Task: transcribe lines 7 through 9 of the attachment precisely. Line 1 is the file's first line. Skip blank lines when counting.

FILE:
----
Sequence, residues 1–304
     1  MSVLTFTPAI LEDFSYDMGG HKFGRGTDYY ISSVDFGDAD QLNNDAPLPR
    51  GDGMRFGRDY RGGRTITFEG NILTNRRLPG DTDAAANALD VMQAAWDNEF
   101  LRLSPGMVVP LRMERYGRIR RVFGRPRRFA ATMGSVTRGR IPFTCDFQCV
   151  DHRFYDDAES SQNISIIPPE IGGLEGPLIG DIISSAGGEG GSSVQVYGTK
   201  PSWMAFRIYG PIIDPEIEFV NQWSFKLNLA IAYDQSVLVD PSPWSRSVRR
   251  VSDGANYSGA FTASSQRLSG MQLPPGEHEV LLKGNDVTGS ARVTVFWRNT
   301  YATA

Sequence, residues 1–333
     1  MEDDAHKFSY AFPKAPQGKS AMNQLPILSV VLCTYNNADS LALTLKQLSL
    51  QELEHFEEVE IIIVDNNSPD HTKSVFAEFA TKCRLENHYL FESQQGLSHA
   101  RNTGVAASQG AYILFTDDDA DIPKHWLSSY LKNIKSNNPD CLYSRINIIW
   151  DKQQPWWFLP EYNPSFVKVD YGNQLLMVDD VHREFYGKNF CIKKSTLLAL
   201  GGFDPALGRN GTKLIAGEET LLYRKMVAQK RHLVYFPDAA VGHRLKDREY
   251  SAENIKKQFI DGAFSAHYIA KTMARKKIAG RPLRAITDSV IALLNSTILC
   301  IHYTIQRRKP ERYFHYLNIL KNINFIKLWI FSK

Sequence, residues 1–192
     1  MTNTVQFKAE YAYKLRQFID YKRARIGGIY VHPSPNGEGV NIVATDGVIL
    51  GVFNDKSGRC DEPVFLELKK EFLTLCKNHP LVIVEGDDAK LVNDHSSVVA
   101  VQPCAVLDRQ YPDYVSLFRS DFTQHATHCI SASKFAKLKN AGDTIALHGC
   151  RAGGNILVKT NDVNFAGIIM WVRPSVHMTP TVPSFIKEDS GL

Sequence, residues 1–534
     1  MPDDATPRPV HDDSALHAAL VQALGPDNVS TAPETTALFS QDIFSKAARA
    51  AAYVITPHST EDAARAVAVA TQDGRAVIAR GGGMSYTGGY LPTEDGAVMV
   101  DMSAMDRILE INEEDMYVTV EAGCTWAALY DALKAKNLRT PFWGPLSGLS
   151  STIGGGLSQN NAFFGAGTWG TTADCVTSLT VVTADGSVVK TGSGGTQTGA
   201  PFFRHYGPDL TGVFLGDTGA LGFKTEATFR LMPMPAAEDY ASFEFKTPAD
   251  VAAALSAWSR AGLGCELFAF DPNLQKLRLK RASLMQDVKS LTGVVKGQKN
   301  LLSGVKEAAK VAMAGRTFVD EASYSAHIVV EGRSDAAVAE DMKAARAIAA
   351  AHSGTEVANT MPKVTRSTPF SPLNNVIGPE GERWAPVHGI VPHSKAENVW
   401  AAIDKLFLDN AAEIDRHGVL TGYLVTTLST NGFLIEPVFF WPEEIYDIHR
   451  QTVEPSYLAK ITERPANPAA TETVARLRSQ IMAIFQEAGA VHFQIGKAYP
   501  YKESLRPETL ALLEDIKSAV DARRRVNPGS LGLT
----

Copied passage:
   251  VSDGANYSGA FTASSQRLSG MQLPPGEHEV LLKGNDVTGS ARVTVFWRNT
   301  YATA

Sequence, residues 1–333